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The Guidelines for Public Debt Management (Guidelines) have been developed as part of a broader work program undertaken by the IMF and the World Bank to strengthen the international financial architecture, promote policies and practices that contribute to financial stability and transparency, and reduce countries’ external vulnerabilities.

The revision of the Guidelines was requested by the G-20 Finance Ministers and Central Bank Governors, at their meeting in Moscow, on February 15–16, 2013. Since the adoption of the original Guidelines in 2001, and amendments in 2003, financial sector regulatory changes and macroeconomic policy developments, especially in response to the recent financial crisis, have significantly affected the general financial landscape. This has been manifested by a greater volume of public debt issuances, unprecedented cross border capital flows in search of higher yields, and higher volatility of investor risk appetite. As a consequence, many countries have experienced significant shifts in their debt portfolios, in terms of both size and composition. Such changes have brought to the forefront a number of issues in the management of public debt that required consideration in reviewing the Guidelines.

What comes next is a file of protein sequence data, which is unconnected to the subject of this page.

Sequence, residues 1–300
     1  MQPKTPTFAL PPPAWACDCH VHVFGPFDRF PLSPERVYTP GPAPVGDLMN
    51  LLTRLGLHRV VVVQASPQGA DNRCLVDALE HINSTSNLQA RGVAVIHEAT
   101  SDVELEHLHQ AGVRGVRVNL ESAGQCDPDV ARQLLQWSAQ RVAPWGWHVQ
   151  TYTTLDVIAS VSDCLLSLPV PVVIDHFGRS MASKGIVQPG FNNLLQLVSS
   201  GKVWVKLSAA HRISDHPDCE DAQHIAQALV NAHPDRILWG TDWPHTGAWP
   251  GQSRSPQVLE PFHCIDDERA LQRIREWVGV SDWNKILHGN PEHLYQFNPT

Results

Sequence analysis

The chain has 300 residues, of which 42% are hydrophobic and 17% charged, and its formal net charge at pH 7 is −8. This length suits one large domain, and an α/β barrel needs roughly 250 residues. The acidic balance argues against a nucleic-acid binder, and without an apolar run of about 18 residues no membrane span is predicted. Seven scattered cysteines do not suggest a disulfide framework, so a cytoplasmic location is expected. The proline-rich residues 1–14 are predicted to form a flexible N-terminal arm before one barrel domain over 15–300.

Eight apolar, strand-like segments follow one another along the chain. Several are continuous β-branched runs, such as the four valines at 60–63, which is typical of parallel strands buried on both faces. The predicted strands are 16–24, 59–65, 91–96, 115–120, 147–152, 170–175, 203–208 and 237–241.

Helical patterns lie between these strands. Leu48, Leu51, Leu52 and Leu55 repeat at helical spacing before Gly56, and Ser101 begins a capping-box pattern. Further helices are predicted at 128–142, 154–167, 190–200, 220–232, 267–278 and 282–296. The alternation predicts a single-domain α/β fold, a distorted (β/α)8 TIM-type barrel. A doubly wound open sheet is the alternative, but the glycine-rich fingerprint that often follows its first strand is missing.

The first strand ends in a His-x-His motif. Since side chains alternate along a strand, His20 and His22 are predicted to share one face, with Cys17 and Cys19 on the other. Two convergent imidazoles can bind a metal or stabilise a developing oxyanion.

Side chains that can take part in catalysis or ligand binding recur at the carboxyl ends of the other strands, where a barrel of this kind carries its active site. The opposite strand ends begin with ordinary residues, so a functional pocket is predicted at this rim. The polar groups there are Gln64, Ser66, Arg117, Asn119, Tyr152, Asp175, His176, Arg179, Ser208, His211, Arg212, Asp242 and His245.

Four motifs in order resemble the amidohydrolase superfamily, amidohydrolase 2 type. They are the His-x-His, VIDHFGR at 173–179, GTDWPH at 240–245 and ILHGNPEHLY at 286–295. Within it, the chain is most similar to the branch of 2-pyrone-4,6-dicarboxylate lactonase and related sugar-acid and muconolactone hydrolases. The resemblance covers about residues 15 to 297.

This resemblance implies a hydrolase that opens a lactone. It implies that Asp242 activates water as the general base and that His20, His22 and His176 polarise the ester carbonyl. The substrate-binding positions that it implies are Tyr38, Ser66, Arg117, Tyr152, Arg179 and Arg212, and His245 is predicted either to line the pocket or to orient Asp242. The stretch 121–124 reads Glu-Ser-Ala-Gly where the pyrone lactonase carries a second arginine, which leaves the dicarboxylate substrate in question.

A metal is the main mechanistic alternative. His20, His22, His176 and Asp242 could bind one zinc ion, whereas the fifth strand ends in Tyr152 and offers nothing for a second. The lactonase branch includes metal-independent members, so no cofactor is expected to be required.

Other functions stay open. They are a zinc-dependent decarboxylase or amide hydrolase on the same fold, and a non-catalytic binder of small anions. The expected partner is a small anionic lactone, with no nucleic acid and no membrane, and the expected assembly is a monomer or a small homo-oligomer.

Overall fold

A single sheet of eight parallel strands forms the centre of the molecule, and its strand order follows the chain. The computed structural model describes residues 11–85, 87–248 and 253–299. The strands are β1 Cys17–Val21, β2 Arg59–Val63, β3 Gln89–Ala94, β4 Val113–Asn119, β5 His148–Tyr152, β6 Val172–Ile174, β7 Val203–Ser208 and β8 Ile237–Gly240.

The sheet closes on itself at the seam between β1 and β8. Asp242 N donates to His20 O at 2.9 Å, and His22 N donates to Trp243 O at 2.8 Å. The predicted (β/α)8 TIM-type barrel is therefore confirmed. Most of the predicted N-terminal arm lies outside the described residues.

The main revisions reflect (i) greater clarity on the roles and accountabilities of debt managers and their responsibility for providing pertinent information to fiscal authorities on the amount of debt that can realistically be absorbed by the market; (ii) enhanced communication with investors, which was considered essential especially during periods of crisis, with pertinent information on debt composition and related risk indicators being periodically provided to minimize uncertainty; (iii) the use of collective action clauses in bond contracts for the efficient resolution of sovereign debt restructurings; (iv) a more detailed consideration of risk mitigation strategies, particularly liquidity and refinancing risk, and of contingency plans, including the building of cash buffers; (v) greater emphasis on the use of stress testing, the importance of managing counterparty risk when derivatives are used, and the need to better manage and monitor the risks arising from contingent liabilities; and (vi) the need to enhance the liquidity of the domestic bond market, while impediments that inhibit the development of domestic government bond markets, such as limited diversification of the investor base, should be promptly identified and addressed, as well as the need to consider flexibility in issuance programs, especially in times of crisis.